The business credo at Upland Sports Group — that it’s finally cool to ride a bike — used to have a certain air of uncertainty, or, at least, a flush of optimism. Now it’s just a statement of fact. So said Gary Vasconi, who founded the Emeryville company ten years ago with his friend, fellow third-generation Italian-American and tech sector refugee Robert Carbone. Upland now acts as a distribution arm for Capo, a brand of cycling apparel that graces brick-and-mortar stores in both the US and Italy. Over the past decade, Vasconi has seen a tectonic shift in cycling culture as it moves from the athletic world to the urban one. It has only accelerated his business. “Cycling is the next golf,” he crowed in a recent phone interview.
Perhaps that’s sunny retail-speak for a phenomenon that should be readily apparent to any denizen of a major US city. Bikes aren’t the new golf clubs per se; they’re actually the new automobiles. Cheap, efficient, and non-carbon-emitting, they’ve begun supplanting traditional gas-guzzlers as well as public transit. And in places like the Bay Area, they serve as status symbols. Not only have local cyclists divided themselves into a set of subcultures, they also have a vast taxonomy of fashion items to go with each.
What you wear depends on where you fit in the food chain. Sure, we’ve all seen the helmet-less hipster riding down Telegraph Avenue on a fixie, pant-leg rolled up, tramp stamp forming a decorative arch over her plumber’s half-moon. But it doesn’t have to be that way, say some of the more fashion-conscious cyclists in the East Bay. In fact, one need not sacrifice respectability or personal taste for the sake of a two-wheel commute.
One of the best solutions to the pant-leg problem — that is, the misfortune of snaring your jeans on the chain of your bike, and leaving them in tatters — is a pair of breeches or knickers, of the style worn by English equestrians. Local clothier Nan Eastep helped resurrect that form about five years ago, when she first took interest in “the discerning bicyclist” as both a muse and a consumer demographic. Eastep says that one of her close friends was an avid cyclist, and his shredded pants were a source of inspiration. “I’m trying to rejuvenate the experience of wearing wool for an active life,” she explained, touting some of the salutary properties of the fabric — the manifesto on her website describes wool as naturally insulating, as well as “antimicrobial and antibacterial.”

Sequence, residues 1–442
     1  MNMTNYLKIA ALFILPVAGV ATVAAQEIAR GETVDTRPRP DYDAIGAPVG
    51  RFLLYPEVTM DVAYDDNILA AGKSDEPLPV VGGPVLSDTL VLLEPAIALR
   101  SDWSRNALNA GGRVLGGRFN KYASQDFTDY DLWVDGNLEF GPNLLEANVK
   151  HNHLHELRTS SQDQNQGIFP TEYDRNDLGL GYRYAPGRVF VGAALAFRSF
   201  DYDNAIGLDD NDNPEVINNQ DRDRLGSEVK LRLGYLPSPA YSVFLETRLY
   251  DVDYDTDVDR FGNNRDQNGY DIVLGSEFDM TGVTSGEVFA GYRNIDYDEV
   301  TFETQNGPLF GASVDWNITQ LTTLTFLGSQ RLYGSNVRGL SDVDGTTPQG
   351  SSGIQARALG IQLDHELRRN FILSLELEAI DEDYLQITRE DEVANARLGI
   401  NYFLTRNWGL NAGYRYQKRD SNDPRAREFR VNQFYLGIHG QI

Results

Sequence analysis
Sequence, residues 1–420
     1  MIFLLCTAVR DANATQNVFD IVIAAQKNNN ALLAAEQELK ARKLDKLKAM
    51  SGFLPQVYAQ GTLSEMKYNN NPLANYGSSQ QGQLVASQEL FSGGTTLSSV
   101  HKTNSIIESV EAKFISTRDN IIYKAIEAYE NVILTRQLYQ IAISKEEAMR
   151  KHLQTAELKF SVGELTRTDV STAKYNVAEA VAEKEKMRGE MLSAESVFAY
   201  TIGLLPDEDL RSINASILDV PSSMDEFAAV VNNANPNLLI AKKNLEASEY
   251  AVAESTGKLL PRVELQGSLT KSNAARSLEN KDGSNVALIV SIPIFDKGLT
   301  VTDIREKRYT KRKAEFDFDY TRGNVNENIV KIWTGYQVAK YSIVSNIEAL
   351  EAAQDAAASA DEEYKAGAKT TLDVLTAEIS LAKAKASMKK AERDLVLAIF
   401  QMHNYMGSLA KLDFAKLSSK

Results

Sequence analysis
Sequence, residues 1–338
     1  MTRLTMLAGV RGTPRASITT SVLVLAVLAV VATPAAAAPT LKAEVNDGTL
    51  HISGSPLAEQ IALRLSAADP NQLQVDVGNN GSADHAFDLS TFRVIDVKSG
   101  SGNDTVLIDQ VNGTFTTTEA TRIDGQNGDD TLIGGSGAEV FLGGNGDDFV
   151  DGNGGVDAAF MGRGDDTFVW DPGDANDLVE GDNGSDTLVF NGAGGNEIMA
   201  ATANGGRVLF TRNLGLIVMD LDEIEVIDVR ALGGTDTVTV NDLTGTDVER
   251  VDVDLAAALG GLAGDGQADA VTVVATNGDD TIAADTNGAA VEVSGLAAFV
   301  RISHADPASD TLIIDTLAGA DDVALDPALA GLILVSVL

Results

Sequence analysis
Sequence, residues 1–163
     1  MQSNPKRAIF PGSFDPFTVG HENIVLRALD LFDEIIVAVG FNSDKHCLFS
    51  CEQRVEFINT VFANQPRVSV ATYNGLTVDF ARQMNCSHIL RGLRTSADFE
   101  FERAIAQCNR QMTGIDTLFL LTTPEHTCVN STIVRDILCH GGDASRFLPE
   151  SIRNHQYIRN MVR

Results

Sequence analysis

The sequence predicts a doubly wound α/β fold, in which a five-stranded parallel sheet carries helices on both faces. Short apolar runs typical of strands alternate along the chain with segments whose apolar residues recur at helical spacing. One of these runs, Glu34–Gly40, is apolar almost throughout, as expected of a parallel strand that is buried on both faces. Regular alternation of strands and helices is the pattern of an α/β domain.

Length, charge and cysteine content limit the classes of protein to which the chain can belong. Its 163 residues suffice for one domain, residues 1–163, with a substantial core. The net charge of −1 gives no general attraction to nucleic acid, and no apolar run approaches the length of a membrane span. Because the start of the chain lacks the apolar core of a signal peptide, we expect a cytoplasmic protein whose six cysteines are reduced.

All of the cycling attire in Eastep’s clothing line, B. Spoke Tailor, harks to a bygone era when cars didn’t yet dominate city streets, and stagecoach was actually a prevalent form of transportation. The models in her photographs wear bowler hats, wool vests, breeches, watch chains, waxed cotton raincoats, rain capes, Merino wool helmet liners (made from recycled sweaters), and arm-warmers — the latter items are more contemporary, of course, but the wool fabric still gives them a vintage allure. None of her products are all that cheap (a suit can run anywhere from $200 to $2,500) but they’re all hand-made and durable. Moreover, they allow the wearer to look presentable when she tethers her bike to a pole and walks into the office, or into a coffee shop to meet a date.
“One of my customers is 65 and she works at Berkeley Labs,” Eastep said. “She’s a scientist, but she’s also an athlete. She does double centuries [200 miles] and commutes from Lawrence Lab from Albany every day.”